A shower and change of clothes later, I went back out to the fiesta. After the typical Heath struggle to find her friends – I found them in the Plaza de Castillo. There was a group playing music in the gazebo and we all jumped in to dance. Day was turning to night, bodies were moving freer, and we all spun around to the tune of the happy flute. The best part was the little girls dressed in their red and white – nothing but their curls and shoulders bouncing up and down as they tried to copy the flick of their mothers’ feet. Eventually, we fell out of the crowd and headed to buy bocadillas (my favorite is the tortilla patata – so so good). We sat in the grass waiting for the fireworks and told bilingual jokes – seeing if the other could understand. They asked me how the fireworks compared to the ones on the Fourth of July.
At night, we danced until the bulls ran through the streets. Every day of the fiesta ends or finishes (depending on your age/tolerance) with the encierro. At about 5 am, everyone heads to mark their spot. You can either watch in the street or the Plaza de Torros where they have somewhat of a show following the encierro. The first morning, I went here with my friends where we watched the arena fill with men, shortly followed by six massive bulls. They corral the bulls, and then release smaller bulls with dull horns to toss some guys around in the dirt. The crowd cheers for the bull, and the locals yell at the occasional guy that tries to conquer the bull – pulling its head to the ground or yanking on its tail. That’s the special part about San Fermín that I think a lot of people don’t see. Yes, they kill the bull, but they also highly respect them. The matadors spend years in the Basque countryside, working with the bulls and learning how to turn what otherwise would be a slab of meat into the art of bullfighting. We catch the bus and head back to Zizur to dream about the next day of San Fermín.
The fiesta continues like this for six more nights and seven more days. Each day I fall more and more in love with San Fermín and the city of Pamplona. Somewhere along the way, my friend Sophia from Barcelona joins the fiesta, a gypsy steals my phone on Calle de San Nicolás, and I lose my friends from 3 am to 4 am. Every day we go to run with the Toro de Fuego, a bull with fireworks attached at the top chasing kids down the street, we watch the fuegos artificiales at the park, and my white clothes get more brown/purple every day.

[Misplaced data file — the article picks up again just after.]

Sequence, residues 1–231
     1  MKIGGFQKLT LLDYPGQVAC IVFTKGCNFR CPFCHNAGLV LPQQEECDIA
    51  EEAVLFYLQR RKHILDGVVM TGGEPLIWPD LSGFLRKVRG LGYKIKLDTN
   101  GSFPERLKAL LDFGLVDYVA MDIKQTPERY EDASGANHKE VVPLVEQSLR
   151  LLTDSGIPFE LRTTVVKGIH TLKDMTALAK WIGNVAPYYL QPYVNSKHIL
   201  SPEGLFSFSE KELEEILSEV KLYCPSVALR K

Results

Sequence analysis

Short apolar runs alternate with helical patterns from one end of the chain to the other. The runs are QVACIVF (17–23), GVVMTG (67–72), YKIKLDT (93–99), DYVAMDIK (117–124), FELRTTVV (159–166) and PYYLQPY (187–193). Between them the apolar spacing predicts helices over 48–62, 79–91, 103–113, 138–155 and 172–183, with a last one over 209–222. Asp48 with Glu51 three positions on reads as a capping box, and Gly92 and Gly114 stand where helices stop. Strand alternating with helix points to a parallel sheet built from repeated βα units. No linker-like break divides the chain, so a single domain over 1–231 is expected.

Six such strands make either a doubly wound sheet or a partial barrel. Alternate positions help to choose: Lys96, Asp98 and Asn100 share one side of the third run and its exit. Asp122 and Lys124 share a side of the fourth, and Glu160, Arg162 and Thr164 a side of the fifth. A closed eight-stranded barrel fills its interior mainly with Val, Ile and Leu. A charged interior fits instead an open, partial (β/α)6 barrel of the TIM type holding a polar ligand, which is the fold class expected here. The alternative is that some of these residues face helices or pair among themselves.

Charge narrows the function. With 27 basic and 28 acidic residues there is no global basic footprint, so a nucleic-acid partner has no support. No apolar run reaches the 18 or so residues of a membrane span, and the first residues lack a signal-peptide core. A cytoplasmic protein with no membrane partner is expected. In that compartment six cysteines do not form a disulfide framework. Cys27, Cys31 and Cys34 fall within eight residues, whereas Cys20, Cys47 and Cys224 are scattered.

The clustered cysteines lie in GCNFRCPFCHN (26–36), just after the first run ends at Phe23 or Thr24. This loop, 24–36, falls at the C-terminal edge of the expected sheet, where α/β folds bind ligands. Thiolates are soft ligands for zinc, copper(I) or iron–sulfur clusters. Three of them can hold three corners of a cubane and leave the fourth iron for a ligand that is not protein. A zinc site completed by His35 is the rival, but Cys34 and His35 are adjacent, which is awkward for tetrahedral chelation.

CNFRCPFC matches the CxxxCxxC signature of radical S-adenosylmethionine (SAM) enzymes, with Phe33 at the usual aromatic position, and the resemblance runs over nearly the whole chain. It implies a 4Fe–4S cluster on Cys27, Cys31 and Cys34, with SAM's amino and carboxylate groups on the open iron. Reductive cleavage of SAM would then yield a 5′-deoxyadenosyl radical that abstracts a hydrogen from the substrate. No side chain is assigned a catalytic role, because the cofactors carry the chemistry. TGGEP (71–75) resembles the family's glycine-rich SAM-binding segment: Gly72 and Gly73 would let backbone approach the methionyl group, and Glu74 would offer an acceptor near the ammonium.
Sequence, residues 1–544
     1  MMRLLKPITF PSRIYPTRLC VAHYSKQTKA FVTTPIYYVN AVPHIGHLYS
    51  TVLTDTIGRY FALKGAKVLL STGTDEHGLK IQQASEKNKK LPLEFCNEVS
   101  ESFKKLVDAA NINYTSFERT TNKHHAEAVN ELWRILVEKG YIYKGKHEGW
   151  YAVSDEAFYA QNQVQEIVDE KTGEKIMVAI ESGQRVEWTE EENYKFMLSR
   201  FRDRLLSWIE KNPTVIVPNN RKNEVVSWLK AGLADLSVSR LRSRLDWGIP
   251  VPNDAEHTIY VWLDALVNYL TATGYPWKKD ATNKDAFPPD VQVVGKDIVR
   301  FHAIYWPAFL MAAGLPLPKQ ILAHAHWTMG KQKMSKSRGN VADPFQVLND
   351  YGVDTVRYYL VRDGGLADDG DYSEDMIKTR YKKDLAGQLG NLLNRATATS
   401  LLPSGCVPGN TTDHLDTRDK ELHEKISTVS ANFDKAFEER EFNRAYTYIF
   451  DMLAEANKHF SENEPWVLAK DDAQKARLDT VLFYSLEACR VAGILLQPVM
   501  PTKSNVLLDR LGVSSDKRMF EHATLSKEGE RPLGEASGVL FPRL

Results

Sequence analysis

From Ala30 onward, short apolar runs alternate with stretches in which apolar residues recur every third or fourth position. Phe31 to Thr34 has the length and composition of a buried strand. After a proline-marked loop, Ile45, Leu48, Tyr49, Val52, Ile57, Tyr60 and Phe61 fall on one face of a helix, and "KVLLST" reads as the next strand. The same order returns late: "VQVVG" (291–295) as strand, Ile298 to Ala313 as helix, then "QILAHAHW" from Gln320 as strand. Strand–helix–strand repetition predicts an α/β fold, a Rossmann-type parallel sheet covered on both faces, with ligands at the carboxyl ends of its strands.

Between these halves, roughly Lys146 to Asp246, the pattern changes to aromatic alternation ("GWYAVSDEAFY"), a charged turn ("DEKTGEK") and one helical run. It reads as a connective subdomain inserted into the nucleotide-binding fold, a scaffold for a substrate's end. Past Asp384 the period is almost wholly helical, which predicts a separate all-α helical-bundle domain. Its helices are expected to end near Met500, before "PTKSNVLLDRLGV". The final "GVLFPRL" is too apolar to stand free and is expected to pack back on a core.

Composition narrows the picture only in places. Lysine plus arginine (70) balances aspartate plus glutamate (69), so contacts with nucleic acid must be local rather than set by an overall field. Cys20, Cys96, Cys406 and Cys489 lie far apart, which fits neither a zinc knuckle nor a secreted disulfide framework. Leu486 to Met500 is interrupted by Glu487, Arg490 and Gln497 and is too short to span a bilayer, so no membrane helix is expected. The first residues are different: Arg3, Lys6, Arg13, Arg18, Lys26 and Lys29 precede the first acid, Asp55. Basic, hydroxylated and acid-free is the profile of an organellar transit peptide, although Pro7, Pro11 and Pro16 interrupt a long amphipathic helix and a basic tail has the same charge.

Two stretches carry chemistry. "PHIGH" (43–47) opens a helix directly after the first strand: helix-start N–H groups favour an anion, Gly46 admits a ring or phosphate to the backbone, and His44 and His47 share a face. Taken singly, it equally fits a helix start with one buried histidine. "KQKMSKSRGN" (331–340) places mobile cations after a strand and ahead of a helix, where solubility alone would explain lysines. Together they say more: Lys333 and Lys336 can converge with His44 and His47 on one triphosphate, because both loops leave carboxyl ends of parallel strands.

On Friday, July 14th the fiesta is coming to an end. My friends and I spend the last encierro watching from the street. We see the men warming up and bouncing on their toes, waiting for the bulls. At 7:58 am they chant to the statue of San Fermín in the wall with their rolled-up newspapers, “Viva San Fermín…¡Viva! Gora San Fermin…¡Gora!” Then, at 8 am, a firework symbols the unleashing of the bulls – and wow… they are massive. They trample towards the already moving crowd, bowing their heads to the ground and raising their horns to sky. We hop in the street behind them, crowding into a bar to watch the injuries that follow. A couple of concussions, the occasional gore…my friends and I laugh over the fact that most of the injured are Americans as we head to get churros. They also laugh at my inability to roll my r’s without sounding French, while I am trying over and over again to say “churro” or “perro” correctly. The churros were amazing by the way – served hot with rich, melted chocolate to dip them in.
The last night of San Fermín is a bittersweet time. We are all happy – it is a Friday night, the firework show was good, and the town is still bustling. However, we know the end is coming and no one wants the fiesta to end. The lovers of San Fermín head to the Ayuntamiento for the Pobre de Mí celebration. The gypsies sell wax candles for a euro and we group together in front of the stage. The crowd sways, the candles are lit, and we sing, “Pobre de Mí, Pobre de Mí, que se han acabado las fiestas, de San Fermín” (Poor me, poor me, for the fiesta of San Fermín has come to a close). Then at midnight, the fiesta is over with a firework, and we move our red bandanas from our necks back to our wrists. The aficionados are crying.
Viva San Fermín. Gora San Fermin.